Wednesday, June 1, 2022

State announces hiking season preparations

high peaks preparationIn anticipation of a busy hiking season, state Department of Environmental Conservation Commissioner Basil Seggos took a trip up to the Adirondacks last week to recap all the visitor management initiatives DEC and partners have implemented.

“This is paradise,” Seggos said. “This is New York’s Yellowstone, and New Yorkers have discovered that.”

The state is hiring 19 assistant forest rangers to help in the Adirondacks this summer. An education campaign in partnership with the state parks department will continue, and state education assistants will be scattered at pop-up locations around the Adirondacks to provide hiking information.

Julia Goren, deputy director of the Adirondack Mountain Club (ADK), said front country stewards will also be stationed at the club’s new welcome center at the old Cascade ski lodge.

Shuttle buses will run again. Portable toilets will be deployed. The Adirondack Mountain Reserve reservation system is back up and running. The state Department of Transportation is widening Route 73 along Upper and Lower Cascade lakes to provide a safer ride for bikers.

You can read the full list of actions happening now and through the summer here. 

The Adirondack Explorer did not attend this news conference as the DEC’s press office sent the media release 20 minutes before the conference started only after I inquired about a tweet Seggos posted from the Adirondacks. DEC press officers said the release was supposed to go out the morning before, but their distribution system never sent it. So I watched a video sent to me after the fact, of Seggos, Keene Supervisor Joe Pete Wilson, Adirondack Mountain Reserve General Manager John Schuler, Deputy Director of ADK Julia Goren, Essex County Chairman Shaun Gillilland and Department of Transportation Assistant Commissioner Thomas McIntyre.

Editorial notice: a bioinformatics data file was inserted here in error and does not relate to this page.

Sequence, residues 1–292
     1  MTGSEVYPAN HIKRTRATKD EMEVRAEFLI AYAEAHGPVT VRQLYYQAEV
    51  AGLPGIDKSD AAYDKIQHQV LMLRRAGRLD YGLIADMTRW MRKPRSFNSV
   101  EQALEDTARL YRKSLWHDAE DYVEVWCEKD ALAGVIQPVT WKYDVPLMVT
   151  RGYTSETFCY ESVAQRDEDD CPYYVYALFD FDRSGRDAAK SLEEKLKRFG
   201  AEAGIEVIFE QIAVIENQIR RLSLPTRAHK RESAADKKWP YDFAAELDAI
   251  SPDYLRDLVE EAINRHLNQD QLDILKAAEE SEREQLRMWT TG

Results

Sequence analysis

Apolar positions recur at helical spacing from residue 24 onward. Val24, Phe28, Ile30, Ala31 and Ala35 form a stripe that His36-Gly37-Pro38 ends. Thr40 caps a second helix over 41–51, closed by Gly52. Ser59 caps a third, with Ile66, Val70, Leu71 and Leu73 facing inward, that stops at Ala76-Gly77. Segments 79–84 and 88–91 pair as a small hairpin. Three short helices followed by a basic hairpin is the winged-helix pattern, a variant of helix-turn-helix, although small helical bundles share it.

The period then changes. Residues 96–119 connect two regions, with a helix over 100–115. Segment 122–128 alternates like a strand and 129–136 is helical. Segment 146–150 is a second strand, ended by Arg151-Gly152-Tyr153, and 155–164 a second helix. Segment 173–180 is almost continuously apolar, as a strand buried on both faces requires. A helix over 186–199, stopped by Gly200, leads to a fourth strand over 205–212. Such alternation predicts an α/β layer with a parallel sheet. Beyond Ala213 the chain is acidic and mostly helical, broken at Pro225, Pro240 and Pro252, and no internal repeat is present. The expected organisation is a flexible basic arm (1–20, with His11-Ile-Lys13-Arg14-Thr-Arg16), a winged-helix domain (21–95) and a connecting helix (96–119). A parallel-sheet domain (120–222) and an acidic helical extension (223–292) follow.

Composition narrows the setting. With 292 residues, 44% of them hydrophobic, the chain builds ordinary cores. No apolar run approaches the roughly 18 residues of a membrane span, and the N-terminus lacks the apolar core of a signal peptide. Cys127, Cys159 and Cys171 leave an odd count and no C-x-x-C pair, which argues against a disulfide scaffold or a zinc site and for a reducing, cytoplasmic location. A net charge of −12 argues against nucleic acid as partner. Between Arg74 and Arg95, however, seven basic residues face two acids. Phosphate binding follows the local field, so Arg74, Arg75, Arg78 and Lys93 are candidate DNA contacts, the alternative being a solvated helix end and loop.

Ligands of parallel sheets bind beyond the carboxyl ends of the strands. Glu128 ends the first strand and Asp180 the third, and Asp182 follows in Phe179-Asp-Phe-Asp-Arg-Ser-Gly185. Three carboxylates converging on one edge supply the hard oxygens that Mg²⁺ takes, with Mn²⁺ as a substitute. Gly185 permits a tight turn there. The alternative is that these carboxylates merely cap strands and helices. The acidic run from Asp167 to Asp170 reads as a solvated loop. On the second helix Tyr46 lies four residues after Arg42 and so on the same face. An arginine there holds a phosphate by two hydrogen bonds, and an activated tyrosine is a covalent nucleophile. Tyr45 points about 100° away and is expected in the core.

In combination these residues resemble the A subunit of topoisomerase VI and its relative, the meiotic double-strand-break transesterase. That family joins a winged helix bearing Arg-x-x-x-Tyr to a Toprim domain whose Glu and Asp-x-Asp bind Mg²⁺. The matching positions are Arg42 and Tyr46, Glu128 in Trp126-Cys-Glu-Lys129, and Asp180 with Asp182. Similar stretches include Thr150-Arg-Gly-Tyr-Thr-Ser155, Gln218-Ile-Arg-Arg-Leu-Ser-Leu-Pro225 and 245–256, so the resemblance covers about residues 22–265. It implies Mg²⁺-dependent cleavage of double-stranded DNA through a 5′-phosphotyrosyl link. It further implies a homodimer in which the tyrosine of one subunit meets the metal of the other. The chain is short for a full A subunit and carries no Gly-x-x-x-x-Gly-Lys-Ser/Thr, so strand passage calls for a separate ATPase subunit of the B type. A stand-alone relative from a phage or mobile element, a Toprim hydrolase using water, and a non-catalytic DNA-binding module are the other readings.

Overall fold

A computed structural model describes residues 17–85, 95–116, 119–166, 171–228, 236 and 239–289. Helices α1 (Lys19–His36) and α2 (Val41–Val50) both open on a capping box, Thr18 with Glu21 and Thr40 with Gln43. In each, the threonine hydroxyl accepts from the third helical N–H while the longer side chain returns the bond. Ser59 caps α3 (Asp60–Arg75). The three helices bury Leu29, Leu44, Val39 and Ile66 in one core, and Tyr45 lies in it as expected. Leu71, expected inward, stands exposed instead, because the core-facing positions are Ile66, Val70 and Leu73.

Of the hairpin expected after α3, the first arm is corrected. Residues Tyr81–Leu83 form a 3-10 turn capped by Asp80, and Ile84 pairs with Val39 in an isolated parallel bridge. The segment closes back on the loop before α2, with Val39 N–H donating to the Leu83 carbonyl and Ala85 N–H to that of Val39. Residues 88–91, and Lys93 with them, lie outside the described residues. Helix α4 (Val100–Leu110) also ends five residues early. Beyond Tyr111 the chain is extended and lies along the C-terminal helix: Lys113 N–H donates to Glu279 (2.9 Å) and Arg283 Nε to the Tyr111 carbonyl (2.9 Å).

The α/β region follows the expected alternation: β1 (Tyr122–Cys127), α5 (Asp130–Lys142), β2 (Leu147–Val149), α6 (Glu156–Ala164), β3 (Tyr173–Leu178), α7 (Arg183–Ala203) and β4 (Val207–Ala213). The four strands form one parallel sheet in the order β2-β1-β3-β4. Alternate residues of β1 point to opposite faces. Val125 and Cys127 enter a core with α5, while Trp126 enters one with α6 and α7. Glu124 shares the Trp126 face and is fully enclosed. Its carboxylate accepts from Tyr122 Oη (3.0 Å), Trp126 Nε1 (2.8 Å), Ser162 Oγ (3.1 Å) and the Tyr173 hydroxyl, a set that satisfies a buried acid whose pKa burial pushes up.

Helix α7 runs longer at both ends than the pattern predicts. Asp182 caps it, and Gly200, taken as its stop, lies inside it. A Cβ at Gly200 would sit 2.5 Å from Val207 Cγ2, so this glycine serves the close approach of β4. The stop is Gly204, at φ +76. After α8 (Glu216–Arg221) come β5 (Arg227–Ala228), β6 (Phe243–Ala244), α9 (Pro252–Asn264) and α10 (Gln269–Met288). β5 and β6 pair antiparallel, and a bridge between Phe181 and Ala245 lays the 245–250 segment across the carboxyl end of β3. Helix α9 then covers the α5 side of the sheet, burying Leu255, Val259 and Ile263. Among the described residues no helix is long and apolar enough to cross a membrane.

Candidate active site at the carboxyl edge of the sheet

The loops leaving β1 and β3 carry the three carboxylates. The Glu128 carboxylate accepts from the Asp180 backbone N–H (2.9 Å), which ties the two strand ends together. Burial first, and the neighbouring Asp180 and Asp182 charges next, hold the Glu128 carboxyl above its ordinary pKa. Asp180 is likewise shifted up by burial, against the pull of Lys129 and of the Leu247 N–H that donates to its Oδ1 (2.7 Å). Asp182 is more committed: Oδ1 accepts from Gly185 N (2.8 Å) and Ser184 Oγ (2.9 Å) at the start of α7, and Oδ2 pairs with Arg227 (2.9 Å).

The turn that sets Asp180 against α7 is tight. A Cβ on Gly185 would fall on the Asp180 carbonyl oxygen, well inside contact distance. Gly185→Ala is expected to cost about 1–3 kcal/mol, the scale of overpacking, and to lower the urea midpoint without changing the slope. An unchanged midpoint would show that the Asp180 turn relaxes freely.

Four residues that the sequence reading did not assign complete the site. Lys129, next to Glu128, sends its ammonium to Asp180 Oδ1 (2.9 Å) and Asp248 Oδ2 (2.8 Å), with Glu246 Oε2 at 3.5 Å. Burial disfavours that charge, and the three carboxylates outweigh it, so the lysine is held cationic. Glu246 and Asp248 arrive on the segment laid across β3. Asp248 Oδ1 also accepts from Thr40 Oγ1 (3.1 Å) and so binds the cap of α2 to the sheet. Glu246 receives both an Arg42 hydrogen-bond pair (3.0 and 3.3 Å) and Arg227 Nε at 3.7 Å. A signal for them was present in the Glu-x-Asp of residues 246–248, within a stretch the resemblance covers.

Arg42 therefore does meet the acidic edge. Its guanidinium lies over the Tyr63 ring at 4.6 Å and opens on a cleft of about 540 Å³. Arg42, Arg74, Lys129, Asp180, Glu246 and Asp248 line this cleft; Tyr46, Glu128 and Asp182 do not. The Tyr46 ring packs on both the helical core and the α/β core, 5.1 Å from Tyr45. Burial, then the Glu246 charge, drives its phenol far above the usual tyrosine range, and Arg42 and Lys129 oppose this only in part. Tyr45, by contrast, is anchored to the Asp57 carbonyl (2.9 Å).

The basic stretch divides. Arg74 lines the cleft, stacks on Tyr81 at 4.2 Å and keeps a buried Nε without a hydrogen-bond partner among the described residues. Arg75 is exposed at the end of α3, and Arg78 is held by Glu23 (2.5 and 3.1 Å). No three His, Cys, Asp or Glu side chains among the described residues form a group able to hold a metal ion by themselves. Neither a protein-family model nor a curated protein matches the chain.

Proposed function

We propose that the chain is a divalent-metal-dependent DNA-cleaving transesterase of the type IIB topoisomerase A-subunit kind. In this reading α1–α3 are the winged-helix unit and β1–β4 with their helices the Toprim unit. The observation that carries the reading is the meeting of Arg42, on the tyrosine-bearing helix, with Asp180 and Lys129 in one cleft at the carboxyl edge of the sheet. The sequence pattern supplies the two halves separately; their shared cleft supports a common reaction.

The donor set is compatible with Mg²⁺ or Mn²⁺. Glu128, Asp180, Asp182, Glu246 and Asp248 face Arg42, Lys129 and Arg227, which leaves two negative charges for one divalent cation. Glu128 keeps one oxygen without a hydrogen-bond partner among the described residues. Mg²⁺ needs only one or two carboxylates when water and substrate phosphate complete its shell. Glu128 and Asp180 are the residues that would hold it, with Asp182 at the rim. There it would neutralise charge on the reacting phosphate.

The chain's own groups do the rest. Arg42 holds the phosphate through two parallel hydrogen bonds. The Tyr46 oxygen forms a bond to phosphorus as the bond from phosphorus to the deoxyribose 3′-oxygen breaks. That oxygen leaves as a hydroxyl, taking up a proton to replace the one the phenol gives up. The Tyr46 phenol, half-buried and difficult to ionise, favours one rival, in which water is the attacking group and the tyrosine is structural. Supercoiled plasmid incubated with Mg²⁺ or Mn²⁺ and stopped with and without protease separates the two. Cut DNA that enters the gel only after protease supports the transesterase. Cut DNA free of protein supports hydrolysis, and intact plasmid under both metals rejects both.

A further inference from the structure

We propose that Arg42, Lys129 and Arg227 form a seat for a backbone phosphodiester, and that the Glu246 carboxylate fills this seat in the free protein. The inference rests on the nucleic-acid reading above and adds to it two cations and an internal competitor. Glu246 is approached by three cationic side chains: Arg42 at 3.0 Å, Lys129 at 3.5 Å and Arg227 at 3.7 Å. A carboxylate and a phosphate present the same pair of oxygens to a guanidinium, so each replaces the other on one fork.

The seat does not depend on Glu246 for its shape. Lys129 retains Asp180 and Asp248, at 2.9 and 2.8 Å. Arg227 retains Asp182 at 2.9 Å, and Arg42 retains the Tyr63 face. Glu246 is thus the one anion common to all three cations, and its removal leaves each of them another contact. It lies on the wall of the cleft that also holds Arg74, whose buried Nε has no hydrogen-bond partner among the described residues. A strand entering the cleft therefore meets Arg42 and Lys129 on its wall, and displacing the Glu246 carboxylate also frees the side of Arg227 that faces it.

I wasn’t able to see who else was in attendance at Marcy Field in Keene, but I hope we will be there and get a personal invite the next time such a gathering happens. I’ll segue to invite you to our July 20 event at the ADK’s new welcome center, the former Cascade Ski Center. I’m going to be interviewing a panel of experts about education and data collection around visitors to popular hiking destinations, from our local High Peaks region to other popular places across the country. You can get more information and RSVP here.